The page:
DIY Arms: Garage-Job Hand Grenades in Syria.
One of the most common complaints from rebels in Syria is the dearth of ammunition for their small arms and light weapons, and the high prices for the same. Rebels have said for months that ammunition shortages have been a brake on their momentum, and that their primary weakness lies in the absence of robust supply.
In this environment, one type of weapon has become highly visible — locally made hand-grenades. In every rebel unit we have visited, we have seen such arms.
In Aleppo, three different fighting units had weapons of similar design, as shown here. These are short sections of pipe that have been filled with home-made explosive, fitted with a piece of time fuze that ends in a blasting cap, and then sealed at their ends. I know, I know: They resemble Bugs Bunny ACME bombs. Don’t fool yourself. They can be quite effective, if imperfect. (Tyler Hicks and I watched one thrown at the front lines near the Hanano military base, and it worked, though the fuze’s burn time did feel a tad long for a fast-moving fight.)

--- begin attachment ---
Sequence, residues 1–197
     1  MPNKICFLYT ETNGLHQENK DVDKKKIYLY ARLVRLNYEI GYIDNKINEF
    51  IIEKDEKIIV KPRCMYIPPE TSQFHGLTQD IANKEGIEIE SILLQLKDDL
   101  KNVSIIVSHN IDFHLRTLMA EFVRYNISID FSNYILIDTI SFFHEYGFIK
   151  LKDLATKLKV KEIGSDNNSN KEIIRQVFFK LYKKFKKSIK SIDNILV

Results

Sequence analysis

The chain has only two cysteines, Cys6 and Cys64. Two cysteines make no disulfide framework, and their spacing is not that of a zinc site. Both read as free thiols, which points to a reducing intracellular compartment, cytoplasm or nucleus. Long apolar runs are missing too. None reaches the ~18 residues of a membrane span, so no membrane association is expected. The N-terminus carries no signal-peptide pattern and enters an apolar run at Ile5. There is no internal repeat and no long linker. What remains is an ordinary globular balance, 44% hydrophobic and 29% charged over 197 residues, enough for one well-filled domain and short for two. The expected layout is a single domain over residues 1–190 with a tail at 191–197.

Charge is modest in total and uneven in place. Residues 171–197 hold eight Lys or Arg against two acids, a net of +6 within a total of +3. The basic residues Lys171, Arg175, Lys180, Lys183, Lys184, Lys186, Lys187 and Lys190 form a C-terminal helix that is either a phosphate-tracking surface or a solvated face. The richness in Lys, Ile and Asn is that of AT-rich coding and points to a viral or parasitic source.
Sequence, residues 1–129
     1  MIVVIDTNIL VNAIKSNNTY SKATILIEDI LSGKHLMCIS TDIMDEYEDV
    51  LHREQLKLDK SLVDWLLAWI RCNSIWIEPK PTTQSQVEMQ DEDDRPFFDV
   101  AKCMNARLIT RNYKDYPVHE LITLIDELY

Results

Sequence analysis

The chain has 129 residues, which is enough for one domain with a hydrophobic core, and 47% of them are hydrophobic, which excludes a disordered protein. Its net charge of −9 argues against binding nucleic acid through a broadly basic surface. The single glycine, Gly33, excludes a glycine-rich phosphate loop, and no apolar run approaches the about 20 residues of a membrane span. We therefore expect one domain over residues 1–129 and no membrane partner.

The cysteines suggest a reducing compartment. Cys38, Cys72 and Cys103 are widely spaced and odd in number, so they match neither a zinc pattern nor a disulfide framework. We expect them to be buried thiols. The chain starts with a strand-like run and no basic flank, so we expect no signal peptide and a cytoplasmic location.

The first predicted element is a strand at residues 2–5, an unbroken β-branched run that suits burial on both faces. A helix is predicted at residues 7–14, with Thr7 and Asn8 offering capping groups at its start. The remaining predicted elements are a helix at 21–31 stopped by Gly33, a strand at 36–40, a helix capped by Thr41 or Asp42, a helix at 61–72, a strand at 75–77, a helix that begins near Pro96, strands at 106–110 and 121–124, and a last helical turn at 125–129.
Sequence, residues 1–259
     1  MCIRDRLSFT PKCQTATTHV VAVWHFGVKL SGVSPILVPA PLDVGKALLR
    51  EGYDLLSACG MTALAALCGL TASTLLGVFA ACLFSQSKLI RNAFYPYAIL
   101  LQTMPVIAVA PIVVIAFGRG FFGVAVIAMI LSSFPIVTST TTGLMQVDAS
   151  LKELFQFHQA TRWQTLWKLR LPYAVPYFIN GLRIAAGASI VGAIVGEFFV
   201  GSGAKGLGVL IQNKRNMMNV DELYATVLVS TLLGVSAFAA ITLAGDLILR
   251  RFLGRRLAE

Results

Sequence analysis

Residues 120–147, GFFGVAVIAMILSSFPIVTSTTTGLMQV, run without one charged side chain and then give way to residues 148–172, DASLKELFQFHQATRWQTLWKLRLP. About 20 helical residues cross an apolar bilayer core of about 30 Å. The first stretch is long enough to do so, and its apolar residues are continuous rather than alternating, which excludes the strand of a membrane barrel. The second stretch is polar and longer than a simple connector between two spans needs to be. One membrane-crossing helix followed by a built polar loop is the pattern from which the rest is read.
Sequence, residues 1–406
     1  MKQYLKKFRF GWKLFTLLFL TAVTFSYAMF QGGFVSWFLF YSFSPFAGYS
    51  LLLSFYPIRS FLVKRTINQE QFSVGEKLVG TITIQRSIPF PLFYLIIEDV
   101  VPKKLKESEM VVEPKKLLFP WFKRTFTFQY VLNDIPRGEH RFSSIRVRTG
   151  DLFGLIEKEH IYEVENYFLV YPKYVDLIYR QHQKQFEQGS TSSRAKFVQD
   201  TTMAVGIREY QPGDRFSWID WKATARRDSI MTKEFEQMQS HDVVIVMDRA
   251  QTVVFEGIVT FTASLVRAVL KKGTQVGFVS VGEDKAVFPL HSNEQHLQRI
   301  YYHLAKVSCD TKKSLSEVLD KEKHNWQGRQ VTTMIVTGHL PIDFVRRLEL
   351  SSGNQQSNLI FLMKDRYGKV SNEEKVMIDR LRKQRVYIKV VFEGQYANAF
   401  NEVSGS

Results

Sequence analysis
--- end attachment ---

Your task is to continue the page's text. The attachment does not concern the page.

The fuzes are lit with lighter or other small source of flame. Different fuze lengths, as seen on the small display above and again on two different grenades shown in the center of this photo spread) mean different burn times.
Such weapons and their many cousins, as we have noted here and here, are interesting not merely for the military utility but what they suggest about the social underpinnings of the uprising, and, as ever, about the nature and costs of the regional arms trade this year.
ABOUT THE PHOTOGRAPHS
Hand-grenades with a simple time fuze. By the author. Aleppo. This month.